Joe Biden didn’t stand a chance.
After being thoroughly grilled by Kamala Harris during the first round of Democratic debates in June, he went into the second round – his rematch with Harris – on the back foot. And then he took that foot and put it firmly and resolutely into his mouth.
“Go easy on me, kid,” Biden said in a manner he obviously thought was charming to Harris, who brushed it off expertly. “I didn’t really think much about it,” Harris told CNN’s Anderson Cooper after the debate. “We’re both on that stage running for president… nobody’s going to define me on that stage.” But the internet was outraged. “She’s a senator and a bad ass. Not a kid,” one Twitter user wrote.
They’re right. She is a senator and a bad ass and she’s running for president. She’s not a kid. But there was a bigger story from the debate – one that expressly impacts women. How come not one of the Democratic candidates up on that stage said the word abortion throughout the entirety of the debate? How did abortion become the word that shall not be named?
Biden and Harris had an entire conversation about abortion without mentioning the word once. Harris, who took Biden to task regarding his abrupt, if woefully belated, volte-face on the Hyde Amendment – a piece of legislation that forbids federal funds to be used to pay for abortion except in life-threatening cases – without saying abortion at all.
“Why did it take so long to change your position on the Hyde Amendment… Until you were running for president?” Harris asked Biden.
“Because there was not full funding for all reproductive services,” Biden responded. Harris pressed him further, asking him why resources were withheld to poor women who needed access to “reproductive healthcare”.
“The Hyde Amendment was available because there was other access for those kinds of services provided privately,” Biden said. “I support a woman’s right to choose. I support it as a constitutional right… I will move as president to see that Congress legislates that.”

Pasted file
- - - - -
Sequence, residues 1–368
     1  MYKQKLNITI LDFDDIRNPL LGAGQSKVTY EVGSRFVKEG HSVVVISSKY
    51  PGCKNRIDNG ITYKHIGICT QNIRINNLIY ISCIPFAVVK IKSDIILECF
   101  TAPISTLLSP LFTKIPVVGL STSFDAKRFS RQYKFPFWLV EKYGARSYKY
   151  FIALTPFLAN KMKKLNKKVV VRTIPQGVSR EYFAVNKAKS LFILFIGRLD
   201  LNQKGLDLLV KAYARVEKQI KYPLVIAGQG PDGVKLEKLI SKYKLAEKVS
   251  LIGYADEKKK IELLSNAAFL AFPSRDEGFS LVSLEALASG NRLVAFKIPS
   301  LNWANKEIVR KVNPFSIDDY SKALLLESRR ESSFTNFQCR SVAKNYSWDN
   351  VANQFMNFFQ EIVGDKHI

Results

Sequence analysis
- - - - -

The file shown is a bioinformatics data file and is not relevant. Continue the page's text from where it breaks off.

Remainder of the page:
Reproductive services. Reproductive healthcare. But nobody could say the word abortion.
At least Biden and Harris’ night of debates touched on the subject obliquely, via the Hyde Amendment. Because on the first night of debates, which featured Elizabeth Warren, Bernie Sanders and Marianne Williamson, the topic of abortion wasn’t raised once over the course of the three-hour event. Not a single time. Which, considering that several states across the US are attempting to wheel back access to abortion in some truly shocking ways, is disappointing.
“Tonight, voters missed an opportunity to hear how Democratic candidates will approach a fundamental issue that impacts their lives,” Planned Parenthood tweeted after the first round of debates. “Candidates spent more than 30 minutes debating health care, but it’s meaningless if we cannot access it.”
Planned Parenthood continued: “In nearly three hours there was not on question on abortion access or reproductive health care – despite the fact that the Trump administration is actively trying to dismantle our nation’s program for affordable birth control with a gag rule.”
“As the American people decide their vote, they deserve to hear about the candidates’ visions for how they will protect and expand access to abortion. We call on the Democratic National Committee and CNN to ensure that efforts to protect abortion access are discussed.”
Planned Parenthood made the fair point that it can’t always be the onus of the candidates themselves to bring up the subject of abortion. We know that Harris and Kirsten Gillibrand, who was also in the debate alongside Harris and Biden, believe in protecting a woman’s right to abortion, and we know that they have a plan to make sure that abortion law restriction never happens again. Both of them have spoken on this very subject on several occasions. So why didn’t the moderators from CNN ask them about these plans so that they could discuss them on such a big platform? Why didn’t the moderators from CNN push the other candidates in the debate, including Biden but also Andrew Yang and Cory Booker, on the subject of abortion?
This resonant silence on behalf of the moderators is why the hashtag #AskAboutAbortion, which was first circulated in the 2016 presidential race, is being used again.
Not that anyone on the moderator panel appeared to be listening. Let’s hope that by the time the third round of debates is here – yes, there’s another round of debates, and another one after that – in September abortion will be at the top of the agenda.